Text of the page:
Controversy continues over Justice Khanna’s elevation

1998 opinion by the SC may shed light on the issues raised

January 21, 2019 09:12 pm | Updated 09:12 pm IST - NEW DELHI

A view of the Supreme Court of India, in New Delhi.

A view of the Supreme Court of India, in New Delhi.

In the backdrop of the controversy over the appointment of Justice Sanjiv Khanna, a 1998 opinion by the Supreme Court may shed light on the questions raised by the episode.

The objections against are not merely over seniority, but extends to questions about the Collegium dropping the names of two judges considered earlier and the reasons given for changing its decision.

As Justice Khanna shared the Bench with the Chief Justice of India Ranjan Gogoi on Monday, a section of legal experts condemned the controversy as a “selective” outcry.

They cited the recent example of the Collegium recommending Justice K.M. Joseph for appointment to the Supreme Court over many other judges senior to him. Why cannot the same happen to Justice Khanna, who was ranked 33 in the all-India high court judges’ seniority list, they asked.

A nine-judge Bench in the ‘Special Reference Case’ of 1998 had ruled that “merit is the pre-dominant consideration for the purposes of appointment to the Supreme Court”.

“Where there is outstanding merit, the possessor thereof deserves to be appointed regardless of the fact that he may not stand high in the all-India seniority list or in his own High Court,” the court had held in its opinion on the 1998 Presidential Reference on the intricacies of the Collegium system.

However, objections voiced by the likes of former Chief Justices of India R.M. Lodha and K.G. Balakrishnan are not confined to supersession alone.

The furore, in fact, extends to why the Collegium had dropped its December 12, 2018 proposal to recommend Delhi High Court Chief Justice Rajendra Menon and Rajasthan High Court Chief Justice Pradeep Nandrajog and, within days, chose Karnataka High Court Chief Justice Dinesh Maheshwari and Justice Khanna.

The former CJIs had asked why judges like Justices Gita Mittal and Ravindra Bhat, both from the Delhi High Court, too, did not figure in the recommendation.

Several reasons have been assigned as to why the Collegium led by Chief Justice Gogoi changed its mind after December 12. These include unauthorised media leaks, “additional materials”, intervening Winter vacation and subsequent change in the composition of the Collegium on the retirement of Justice Madan B. Lokur during the holidays.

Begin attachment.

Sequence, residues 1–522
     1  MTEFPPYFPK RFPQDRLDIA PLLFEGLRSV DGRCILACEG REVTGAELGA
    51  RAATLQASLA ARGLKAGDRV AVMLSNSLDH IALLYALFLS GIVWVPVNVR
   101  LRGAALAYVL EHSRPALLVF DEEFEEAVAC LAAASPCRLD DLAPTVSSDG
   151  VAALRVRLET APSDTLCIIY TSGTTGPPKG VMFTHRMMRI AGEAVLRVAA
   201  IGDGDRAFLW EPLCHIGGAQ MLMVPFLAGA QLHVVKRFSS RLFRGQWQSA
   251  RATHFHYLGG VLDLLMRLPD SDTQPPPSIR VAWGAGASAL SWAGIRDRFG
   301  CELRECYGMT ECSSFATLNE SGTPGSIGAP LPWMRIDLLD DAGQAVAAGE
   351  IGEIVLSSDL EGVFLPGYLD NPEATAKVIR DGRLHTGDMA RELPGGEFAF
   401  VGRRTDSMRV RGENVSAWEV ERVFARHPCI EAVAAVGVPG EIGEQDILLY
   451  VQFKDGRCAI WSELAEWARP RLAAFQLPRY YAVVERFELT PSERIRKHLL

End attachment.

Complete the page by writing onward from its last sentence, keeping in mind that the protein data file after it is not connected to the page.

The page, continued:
Finally, it has been reported that the CJI has the last word in recommendations for appointment to the Supreme Court.

The January 10 Collegium resolution explained that it took “certain decisions” on December 12, but consultations could not be done due to the winter vacation. When the court re-opened, Justice Arun Mishra joined the Collegium. Extensive deliberations held on January 5-6 led to a “fresh look” in the light of “additional materials that became available.”

The 1998 Special Reference case explains that when a Collegium judge retires in the midst of an appointment process and reasons are later made available for the non-appointment of the person under consideration, such reasons should be placed before the newly constituted Collegium.

Strong reasons

Further, the Second Judges Case (Supreme Court Advocates on Record Association versus Union of India) judgment in October 1993, and later the court’s opinion in the 1998 Special Reference, confirm that “strong cogent reasons” should be the basis for appointing a judge to the Supreme Court by superseding others senior to him.

Finally, both the 1993 judgment and 1998 opinion have held that the CJI’s “final opinion” is not merely his individual opinion. The CJI’s opinion “must necessarily have the element of plurality in its formation”.

The CJI’s view on a prospective judicial appointment has primacy because it ‘symbolises’ the opinion of the judiciary itself.

“View of the Chief Justice of India is to be expressed in the consultative process as truly reflective of the opinion of the judiciary,” the 1993 judgment observed.

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